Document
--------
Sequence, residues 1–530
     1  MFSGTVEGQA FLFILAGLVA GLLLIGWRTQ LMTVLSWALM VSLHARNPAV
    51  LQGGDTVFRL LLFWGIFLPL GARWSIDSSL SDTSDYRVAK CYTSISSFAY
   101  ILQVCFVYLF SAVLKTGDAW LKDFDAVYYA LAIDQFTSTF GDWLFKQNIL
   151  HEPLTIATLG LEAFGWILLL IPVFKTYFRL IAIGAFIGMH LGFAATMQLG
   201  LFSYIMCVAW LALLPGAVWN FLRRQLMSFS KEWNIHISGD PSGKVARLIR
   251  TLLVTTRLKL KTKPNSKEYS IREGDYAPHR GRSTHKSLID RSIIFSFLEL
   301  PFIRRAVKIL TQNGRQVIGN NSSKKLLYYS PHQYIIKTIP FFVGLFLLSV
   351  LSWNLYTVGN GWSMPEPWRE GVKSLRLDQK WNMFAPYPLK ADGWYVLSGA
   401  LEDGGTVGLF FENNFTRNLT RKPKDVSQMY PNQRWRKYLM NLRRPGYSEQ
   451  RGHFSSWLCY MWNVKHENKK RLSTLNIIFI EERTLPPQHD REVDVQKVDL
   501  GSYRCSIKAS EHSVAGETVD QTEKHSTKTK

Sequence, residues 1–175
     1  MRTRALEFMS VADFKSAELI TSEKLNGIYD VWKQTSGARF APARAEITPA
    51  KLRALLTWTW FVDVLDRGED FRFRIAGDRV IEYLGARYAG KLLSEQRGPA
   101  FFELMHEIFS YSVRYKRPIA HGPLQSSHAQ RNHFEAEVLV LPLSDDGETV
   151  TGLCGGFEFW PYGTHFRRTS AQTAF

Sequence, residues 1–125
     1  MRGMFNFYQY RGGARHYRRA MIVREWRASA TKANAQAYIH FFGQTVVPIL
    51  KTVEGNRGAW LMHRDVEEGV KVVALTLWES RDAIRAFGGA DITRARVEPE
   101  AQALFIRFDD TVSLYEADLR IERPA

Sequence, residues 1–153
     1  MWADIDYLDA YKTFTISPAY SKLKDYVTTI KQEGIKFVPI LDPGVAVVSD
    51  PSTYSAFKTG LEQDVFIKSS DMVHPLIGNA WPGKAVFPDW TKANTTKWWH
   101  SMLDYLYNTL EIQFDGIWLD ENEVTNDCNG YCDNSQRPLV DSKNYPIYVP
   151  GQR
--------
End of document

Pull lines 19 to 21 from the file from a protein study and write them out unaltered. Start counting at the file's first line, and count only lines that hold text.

     1  MRGMFNFYQY RGGARHYRRA MIVREWRASA TKANAQAYIH FFGQTVVPIL
    51  KTVEGNRGAW LMHRDVEEGV KVVALTLWES RDAIRAFGGA DITRARVEPE
   101  AQALFIRFDD TVSLYEADLR IERPA